Sotero Soto

I wear my ‘Korea Veteran’ hat almost every day. Otherwise people ask me, ‘What part of Mexico are you from?’ Nothing against Mexico, but I’m a fifth-generation Texan. What I learned in combat is that everyone’s blood looks the same. Race doesn’t matter.


Sergeant Soto at a camp in the rugged hills of Korea. Soto collection

Left: Soto, right, drills the platoon at Combat Engineer School. Soto collection

Center: The old soldier always wears his Korea Veteran cap. John Hughes photo

Right: Soto, right, with pals at Combat Engineer School at Fort Belvoir, Virginia. Soto collection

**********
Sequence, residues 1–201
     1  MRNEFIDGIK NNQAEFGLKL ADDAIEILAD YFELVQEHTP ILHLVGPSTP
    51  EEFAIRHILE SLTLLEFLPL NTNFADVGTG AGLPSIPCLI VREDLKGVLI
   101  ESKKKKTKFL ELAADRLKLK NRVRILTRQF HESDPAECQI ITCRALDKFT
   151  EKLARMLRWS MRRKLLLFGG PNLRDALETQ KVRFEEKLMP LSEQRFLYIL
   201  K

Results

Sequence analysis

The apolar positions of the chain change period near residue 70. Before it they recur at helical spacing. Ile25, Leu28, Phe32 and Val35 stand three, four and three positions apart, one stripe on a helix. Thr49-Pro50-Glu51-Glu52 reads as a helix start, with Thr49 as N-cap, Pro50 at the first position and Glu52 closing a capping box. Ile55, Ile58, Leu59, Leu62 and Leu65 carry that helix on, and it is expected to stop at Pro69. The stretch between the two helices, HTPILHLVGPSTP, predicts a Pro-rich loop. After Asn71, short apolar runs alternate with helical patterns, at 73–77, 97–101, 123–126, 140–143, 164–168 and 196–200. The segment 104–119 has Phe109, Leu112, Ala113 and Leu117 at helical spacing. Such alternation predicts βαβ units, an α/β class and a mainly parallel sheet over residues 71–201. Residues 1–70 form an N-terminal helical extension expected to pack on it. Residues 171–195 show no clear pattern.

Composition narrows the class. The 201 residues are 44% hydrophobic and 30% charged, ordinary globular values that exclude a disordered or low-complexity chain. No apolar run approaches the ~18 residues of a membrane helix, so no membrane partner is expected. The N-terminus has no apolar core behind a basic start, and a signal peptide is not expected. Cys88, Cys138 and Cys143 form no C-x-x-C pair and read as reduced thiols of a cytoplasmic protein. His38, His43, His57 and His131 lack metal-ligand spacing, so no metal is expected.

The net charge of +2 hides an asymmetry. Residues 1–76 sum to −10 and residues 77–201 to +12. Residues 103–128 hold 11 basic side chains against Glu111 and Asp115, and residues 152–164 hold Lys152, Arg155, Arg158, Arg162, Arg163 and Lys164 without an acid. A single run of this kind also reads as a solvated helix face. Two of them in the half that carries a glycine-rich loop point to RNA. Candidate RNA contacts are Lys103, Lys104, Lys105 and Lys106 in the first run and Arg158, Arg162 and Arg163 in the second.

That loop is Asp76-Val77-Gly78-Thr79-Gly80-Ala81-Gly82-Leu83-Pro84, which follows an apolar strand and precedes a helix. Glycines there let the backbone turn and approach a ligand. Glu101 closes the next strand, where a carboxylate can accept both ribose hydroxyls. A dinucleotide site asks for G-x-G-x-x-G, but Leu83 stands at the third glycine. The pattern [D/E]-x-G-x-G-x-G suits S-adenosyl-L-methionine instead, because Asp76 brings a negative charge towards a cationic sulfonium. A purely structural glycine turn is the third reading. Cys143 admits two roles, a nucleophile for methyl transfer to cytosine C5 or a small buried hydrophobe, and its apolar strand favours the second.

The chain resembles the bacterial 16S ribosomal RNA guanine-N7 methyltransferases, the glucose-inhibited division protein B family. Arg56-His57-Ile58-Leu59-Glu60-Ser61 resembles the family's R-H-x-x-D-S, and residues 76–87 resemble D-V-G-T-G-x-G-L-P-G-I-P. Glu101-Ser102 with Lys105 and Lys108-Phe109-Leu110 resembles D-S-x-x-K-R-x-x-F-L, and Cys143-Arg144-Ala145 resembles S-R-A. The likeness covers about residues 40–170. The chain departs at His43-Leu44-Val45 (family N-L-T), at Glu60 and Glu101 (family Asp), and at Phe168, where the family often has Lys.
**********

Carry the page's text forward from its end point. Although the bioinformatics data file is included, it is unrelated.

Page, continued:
Sotero Soto, the great-grandson of an Apache Indian, was a U.S. Army combat engineer at the peak of the Korean War. He advanced from private to sergeant first class in the space of 14 months.

Often forgotten in the history of “the forgotten war” is that an estimated 10,000 Native Americans served in Korea. The combat engineers were always in the thick of it. They bulldozed roads; built bridges; used logs and sandbags to construct bunkers and planted land mines in barbed-wire barriers.

Soto’s inventiveness impressed his superiors. He created napalm grenades from the cardboard tubes mortars arrived in. “Whatever it takes” was Soto’s motto. He has three campaign stars on his Korean Service ribbon.